COMMON KNEE INJURIES FROM PLAYING SOCCER
One of the more distressing occurrences in soccer, especially in the women’s game, is the sight of a player going down clutching her knee, sometimes after an audible pop. This is a sign typically of an anterior cruciate ligament rupture, which proportionately affects three times as many female as male players. While ACL tears receive the most attention of potential knee injuries, given the required recovery time of six to 12 months, the knee joint also can suffer a range of injuries in soccer.
The knee contains four ligaments — tough connective bands of tissue — to connect bones within this complex joint. The medial and lateral collateral ligaments on each side of the knee prevent inward and outward collapse. Injuries to the MCL and LCL rarely require surgery, states Donald T. Kirkendall of the sports medicine program at the University of North Carolina. The anterior and posterior cruciate ligaments are located within the joint and can be torn when the tibia, the larger of the two bones between the knee and the ankle, over-rotates out of its alignment with the femur, or thighbone. Seventy percent of ACL ruptures do not result from contact with the knee. Rather, landing with the leg extended and immediately cutting is more often the cause.
The meniscus is a thin pair of C-shaped layers of cartilage that cushion the femur where it meets the tibia. The lateral meniscus rests on the outer half of the knee and the inner meniscus on the inner half. As with ligament injuries, rotation of the tibia can cause this injury in sports including soccer, skiing and basketball. The knee may swell but less so than after an ACL tear. Articular or regular joint cartilage also covers the ends of the femur and tibia to protect them during movement. Kirkendall describes how this tissue can protect the area for a lifetime unless damaged by injury or arthritis.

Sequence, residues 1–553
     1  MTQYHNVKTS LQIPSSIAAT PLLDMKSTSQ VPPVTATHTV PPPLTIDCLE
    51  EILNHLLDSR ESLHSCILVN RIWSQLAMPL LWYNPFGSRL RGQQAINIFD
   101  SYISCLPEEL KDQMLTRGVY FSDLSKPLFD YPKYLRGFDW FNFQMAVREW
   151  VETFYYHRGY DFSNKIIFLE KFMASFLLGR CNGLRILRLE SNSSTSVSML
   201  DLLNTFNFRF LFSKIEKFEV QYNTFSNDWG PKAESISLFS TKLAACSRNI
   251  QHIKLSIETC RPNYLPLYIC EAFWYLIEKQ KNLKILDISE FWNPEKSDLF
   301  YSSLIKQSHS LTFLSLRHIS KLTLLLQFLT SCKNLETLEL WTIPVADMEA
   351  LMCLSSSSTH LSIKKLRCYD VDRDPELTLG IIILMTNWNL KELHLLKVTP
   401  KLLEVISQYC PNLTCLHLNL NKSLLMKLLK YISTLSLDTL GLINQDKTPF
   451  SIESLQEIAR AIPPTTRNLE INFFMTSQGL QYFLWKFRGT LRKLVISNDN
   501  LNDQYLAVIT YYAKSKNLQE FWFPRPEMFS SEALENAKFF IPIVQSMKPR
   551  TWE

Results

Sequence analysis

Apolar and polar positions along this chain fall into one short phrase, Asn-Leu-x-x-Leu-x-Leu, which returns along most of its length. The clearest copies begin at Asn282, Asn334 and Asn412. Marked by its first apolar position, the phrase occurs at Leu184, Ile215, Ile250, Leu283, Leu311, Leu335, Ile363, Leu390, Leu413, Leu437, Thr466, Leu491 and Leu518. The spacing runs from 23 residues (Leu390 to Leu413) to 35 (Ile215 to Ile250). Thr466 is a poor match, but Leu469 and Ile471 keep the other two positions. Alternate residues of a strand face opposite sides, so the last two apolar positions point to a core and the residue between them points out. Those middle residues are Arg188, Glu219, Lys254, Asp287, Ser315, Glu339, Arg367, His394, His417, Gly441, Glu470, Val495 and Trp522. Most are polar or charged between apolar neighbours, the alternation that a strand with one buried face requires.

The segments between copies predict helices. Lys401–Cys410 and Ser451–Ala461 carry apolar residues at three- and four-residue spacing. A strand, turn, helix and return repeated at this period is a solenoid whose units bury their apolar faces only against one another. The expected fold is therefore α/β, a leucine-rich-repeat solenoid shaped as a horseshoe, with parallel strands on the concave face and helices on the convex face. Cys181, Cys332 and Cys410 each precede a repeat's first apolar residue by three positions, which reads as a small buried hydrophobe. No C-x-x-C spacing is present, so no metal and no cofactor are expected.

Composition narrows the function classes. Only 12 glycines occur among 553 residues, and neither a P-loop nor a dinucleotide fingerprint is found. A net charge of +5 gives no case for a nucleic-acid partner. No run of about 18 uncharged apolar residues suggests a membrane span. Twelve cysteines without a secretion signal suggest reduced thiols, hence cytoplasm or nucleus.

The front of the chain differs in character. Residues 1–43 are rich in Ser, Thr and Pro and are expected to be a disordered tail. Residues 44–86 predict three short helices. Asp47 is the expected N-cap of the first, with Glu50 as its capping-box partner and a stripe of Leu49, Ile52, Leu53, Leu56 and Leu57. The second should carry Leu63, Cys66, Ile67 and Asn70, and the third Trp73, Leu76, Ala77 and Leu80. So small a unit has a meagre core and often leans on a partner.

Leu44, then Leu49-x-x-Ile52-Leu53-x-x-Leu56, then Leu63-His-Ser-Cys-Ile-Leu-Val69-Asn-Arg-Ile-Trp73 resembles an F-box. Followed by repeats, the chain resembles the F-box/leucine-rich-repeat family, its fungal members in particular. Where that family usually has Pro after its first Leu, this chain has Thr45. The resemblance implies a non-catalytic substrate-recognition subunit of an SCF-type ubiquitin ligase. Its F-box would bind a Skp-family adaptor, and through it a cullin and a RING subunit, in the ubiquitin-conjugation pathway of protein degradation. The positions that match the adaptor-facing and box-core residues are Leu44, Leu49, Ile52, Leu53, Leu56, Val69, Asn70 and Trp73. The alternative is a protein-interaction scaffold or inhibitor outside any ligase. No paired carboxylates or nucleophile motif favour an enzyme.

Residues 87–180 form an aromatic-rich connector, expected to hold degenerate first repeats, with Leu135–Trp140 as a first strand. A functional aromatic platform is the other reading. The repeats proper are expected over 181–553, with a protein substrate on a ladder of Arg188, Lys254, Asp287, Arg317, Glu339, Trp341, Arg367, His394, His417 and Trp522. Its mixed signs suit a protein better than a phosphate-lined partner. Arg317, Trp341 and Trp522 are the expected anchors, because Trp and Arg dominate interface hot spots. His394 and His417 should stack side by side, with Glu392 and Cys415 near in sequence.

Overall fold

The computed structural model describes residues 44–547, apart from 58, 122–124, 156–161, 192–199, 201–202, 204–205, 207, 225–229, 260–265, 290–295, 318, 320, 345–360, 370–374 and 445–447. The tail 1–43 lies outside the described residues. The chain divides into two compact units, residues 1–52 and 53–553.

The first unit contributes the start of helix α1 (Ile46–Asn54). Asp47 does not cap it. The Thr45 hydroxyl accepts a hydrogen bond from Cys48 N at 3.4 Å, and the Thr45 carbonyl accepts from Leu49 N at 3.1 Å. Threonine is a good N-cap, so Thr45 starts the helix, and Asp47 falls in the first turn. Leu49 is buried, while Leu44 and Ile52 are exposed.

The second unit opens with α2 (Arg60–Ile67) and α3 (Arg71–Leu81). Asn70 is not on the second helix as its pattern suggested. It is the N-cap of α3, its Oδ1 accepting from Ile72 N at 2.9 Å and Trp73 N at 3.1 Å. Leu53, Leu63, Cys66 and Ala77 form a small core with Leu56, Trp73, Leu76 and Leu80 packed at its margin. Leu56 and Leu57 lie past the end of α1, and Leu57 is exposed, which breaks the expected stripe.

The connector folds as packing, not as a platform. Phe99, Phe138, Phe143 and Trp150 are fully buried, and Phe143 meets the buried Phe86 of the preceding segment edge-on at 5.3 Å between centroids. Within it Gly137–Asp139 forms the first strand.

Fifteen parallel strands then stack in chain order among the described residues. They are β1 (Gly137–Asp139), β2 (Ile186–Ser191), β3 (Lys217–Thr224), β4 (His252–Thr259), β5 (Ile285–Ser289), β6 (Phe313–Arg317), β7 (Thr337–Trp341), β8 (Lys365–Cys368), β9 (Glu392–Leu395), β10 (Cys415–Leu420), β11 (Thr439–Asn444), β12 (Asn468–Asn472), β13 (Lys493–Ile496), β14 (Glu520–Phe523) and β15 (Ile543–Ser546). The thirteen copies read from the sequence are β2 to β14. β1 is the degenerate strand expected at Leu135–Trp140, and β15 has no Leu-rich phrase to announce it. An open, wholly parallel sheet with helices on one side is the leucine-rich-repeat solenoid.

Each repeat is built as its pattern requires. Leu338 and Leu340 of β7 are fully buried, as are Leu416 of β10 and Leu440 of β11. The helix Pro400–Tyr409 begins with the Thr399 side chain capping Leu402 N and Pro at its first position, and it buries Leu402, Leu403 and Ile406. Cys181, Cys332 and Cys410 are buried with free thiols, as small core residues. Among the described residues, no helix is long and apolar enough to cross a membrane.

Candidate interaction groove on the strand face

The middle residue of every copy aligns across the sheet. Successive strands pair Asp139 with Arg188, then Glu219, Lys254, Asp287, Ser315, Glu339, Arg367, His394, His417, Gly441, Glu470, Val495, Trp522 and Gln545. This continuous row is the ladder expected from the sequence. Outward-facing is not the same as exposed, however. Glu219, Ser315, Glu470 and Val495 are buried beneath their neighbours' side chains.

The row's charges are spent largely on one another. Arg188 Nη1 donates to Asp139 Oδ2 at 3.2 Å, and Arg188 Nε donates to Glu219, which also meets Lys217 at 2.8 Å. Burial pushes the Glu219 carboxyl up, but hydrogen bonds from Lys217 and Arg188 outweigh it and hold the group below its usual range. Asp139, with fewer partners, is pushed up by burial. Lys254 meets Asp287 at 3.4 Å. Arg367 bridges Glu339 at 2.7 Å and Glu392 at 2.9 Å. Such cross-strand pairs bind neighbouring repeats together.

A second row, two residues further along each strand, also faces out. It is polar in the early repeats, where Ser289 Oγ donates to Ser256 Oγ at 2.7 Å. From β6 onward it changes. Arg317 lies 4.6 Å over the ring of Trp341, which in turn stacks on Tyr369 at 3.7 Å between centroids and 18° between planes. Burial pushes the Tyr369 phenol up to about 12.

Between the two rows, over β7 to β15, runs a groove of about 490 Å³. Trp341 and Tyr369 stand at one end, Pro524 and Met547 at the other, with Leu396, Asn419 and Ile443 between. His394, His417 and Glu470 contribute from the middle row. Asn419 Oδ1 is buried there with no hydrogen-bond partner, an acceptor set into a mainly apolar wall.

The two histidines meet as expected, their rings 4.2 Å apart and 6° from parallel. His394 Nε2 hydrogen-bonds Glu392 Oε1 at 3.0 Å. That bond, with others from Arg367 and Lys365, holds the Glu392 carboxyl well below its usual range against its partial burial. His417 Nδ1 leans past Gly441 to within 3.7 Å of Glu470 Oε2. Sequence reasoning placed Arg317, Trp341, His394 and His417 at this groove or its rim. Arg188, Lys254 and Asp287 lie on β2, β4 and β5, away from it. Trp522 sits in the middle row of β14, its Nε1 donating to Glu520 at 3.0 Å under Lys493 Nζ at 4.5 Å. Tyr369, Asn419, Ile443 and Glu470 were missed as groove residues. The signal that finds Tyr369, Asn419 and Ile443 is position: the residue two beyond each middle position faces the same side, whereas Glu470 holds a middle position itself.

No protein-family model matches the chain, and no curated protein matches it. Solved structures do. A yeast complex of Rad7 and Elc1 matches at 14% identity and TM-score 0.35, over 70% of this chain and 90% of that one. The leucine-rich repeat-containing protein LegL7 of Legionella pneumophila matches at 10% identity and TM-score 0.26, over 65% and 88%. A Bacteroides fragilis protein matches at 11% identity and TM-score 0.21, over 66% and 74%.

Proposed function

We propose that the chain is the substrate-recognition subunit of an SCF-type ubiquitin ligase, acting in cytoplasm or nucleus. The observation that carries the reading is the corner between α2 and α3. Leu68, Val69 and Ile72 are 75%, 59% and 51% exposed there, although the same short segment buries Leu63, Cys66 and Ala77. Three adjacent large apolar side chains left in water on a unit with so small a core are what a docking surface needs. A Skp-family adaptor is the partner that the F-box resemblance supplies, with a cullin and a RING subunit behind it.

The kneecap, or patella, can become dislocated in soccer as the result of a collision or fall, or due to a sudden twisting motion on a firmly planted foot. The latter results when the quadriceps, or front thigh muscles, contract powerfully against the externally rotated tibia and internal rotated femur, note the authors of “Practical Orthopaedic Sports Medicine and Arthroscopy.” A combination of both a collision and a twisting motion can contribute to a single injury, they write.
The knee tendon connects the quadriceps to the kneecap and the tibia. Overuse of the tendon can lead to jumper’s knee, which can occur in soccer although it is more common in basketball. The tendon may become inflamed and even partially rupture. The condition manifests as pain in the front of the knee around the kneecap, aggravated by extending the lower leg.
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